Last of tigers in six percent of habitat

Last of tigers in six percent of habitat

Last of tigers in six percent of habitat

A paper prepared by the Wildlife Conservation Society (WCS) identifies 42 "source sites" scattered across Asia that are now the last hope and greatest priority for the conservation and recovery of the world's largest cat.

According to the paper, fewer than 3,500 tigers remain in the wild, of which around 1,000 are breeding females.

India was identified as the most important country for the species with 18 source sites. Sumatra in Indonesia has eight source sites, and the Russian Far East contains six.

WCS director Joe Walston and his co-authors identified 42 tiger sites that have the potential to seed the recovery of tigers across wider landscapes.

The securing of the tiger's remaining source sites is the most effective and efficient way of not only preventing extinction but seeding a recovery of the wild tiger, according to a Wildlife Conservation statement.

The researchers asserted that effective conservation efforts focused on these sites "are both possible and economically feasible, requiring an additional $35 million a year for increased monitoring and enforcement to enable tiger numbers to double in these last strongholds".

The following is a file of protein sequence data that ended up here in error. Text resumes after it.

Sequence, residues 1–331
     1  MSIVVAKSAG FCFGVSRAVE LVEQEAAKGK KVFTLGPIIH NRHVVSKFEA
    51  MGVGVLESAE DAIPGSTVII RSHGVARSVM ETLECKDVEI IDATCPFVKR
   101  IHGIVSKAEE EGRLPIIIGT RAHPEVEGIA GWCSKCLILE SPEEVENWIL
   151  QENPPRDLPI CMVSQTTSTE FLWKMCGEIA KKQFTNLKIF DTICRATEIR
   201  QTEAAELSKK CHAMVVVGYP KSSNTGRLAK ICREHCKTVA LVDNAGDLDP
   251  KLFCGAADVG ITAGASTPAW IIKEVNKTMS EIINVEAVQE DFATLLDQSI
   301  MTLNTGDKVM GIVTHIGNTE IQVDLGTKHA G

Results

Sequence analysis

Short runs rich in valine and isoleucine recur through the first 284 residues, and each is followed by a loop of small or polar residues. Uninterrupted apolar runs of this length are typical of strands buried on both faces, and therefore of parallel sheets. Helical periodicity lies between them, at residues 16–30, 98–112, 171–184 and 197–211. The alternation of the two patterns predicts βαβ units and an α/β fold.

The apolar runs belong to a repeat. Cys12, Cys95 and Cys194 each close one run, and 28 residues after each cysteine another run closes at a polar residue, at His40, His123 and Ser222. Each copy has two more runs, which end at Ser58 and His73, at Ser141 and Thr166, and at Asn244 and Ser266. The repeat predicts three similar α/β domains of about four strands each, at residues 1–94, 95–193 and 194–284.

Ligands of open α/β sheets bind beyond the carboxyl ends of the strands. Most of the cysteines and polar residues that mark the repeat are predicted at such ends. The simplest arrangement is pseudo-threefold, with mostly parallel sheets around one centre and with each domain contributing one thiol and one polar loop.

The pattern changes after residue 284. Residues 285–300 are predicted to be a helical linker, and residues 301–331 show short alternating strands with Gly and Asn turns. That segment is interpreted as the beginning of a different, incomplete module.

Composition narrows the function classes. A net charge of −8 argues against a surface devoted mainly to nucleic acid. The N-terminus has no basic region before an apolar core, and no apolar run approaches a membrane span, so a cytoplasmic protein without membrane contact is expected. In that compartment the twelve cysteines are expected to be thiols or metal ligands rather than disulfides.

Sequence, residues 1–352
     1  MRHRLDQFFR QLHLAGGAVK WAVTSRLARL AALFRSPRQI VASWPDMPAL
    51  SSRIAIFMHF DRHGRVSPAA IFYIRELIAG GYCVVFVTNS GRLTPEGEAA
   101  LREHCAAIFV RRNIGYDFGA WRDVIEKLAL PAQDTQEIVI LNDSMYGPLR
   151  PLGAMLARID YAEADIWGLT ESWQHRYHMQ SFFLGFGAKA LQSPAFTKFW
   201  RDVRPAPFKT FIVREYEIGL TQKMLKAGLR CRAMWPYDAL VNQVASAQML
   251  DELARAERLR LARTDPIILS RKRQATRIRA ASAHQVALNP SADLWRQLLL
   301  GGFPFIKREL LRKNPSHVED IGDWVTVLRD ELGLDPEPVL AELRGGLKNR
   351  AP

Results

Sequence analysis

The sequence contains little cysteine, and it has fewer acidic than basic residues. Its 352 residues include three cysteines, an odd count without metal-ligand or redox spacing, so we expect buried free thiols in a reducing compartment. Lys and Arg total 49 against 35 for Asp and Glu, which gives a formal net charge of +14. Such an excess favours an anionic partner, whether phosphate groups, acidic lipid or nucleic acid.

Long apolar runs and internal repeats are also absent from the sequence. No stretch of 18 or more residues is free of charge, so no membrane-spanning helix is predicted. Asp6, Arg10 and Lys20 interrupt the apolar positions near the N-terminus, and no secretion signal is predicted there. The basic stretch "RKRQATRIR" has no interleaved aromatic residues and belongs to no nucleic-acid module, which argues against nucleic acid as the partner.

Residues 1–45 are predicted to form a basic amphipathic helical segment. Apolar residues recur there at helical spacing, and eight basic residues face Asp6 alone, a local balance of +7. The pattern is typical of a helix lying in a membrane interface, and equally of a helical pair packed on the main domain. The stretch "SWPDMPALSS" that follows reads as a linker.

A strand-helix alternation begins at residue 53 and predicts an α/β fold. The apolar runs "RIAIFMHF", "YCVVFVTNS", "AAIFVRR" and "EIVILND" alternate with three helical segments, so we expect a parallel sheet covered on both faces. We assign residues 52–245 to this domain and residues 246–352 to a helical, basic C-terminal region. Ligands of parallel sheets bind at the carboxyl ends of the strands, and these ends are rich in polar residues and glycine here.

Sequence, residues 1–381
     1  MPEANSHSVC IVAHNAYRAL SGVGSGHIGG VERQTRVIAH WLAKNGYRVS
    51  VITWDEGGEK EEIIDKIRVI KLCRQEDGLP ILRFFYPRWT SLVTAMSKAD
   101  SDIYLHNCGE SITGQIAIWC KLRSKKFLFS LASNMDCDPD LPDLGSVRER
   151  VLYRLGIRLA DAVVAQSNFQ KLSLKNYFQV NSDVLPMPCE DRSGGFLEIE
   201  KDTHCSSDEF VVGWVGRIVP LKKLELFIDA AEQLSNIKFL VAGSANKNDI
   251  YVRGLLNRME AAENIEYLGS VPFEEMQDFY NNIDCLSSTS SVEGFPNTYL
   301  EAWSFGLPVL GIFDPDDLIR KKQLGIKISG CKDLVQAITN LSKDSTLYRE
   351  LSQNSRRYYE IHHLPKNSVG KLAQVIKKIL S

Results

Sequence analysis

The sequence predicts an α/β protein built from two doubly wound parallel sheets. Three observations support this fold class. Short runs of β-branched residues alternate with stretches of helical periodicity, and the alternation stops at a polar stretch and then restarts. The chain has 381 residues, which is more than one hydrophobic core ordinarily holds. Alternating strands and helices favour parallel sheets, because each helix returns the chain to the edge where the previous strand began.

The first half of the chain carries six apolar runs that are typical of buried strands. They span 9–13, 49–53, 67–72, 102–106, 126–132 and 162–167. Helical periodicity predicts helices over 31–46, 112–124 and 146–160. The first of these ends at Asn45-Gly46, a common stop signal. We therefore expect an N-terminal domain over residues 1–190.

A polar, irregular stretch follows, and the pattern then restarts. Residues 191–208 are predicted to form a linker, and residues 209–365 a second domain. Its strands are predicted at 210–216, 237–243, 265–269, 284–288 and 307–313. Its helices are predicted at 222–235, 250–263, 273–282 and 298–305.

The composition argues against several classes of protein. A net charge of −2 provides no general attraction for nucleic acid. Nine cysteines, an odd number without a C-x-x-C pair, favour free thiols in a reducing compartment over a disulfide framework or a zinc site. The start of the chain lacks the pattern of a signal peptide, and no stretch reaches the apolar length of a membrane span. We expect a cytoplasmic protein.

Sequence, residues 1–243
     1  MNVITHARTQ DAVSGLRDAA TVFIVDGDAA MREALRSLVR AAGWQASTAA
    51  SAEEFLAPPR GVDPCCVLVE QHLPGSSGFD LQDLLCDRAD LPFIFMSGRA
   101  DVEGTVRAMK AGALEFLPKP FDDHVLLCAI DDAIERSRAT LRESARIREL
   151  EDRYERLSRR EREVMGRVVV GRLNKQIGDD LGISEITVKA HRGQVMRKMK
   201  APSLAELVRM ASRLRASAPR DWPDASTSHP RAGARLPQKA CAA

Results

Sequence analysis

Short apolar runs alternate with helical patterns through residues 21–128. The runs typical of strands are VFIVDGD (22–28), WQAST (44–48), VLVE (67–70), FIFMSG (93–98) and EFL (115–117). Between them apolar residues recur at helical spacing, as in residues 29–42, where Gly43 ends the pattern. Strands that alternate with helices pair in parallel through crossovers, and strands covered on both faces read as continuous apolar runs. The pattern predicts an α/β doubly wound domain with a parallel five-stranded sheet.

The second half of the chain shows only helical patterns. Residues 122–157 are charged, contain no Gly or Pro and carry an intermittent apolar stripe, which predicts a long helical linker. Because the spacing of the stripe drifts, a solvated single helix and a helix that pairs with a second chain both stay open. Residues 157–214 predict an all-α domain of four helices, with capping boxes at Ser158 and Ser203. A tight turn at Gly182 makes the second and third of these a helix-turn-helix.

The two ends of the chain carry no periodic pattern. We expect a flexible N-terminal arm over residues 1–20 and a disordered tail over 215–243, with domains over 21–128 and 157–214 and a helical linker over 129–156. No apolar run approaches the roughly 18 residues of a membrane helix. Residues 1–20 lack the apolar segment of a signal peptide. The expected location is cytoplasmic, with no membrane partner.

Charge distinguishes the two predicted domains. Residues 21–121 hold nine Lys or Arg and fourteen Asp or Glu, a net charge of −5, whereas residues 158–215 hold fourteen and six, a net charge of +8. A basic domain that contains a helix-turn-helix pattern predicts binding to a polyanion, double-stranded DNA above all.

The study, published online by PLoS Biology, is authored by researchers Joe Walston, John Robinson, Elizabeth Bennett and John Goodrich among others.

"While the scale of the challenge is enormous, the complexity of effective implementation is not," said Walston.

"In the past, overly ambitious and complicated conservation efforts have failed to do the basics: prevent the hunting of tigers and their prey.

"With 70 percent of the world's wild tigers in just six percent of their current range, efforts need to focus on securing these sites as the number one priority for the species," he said.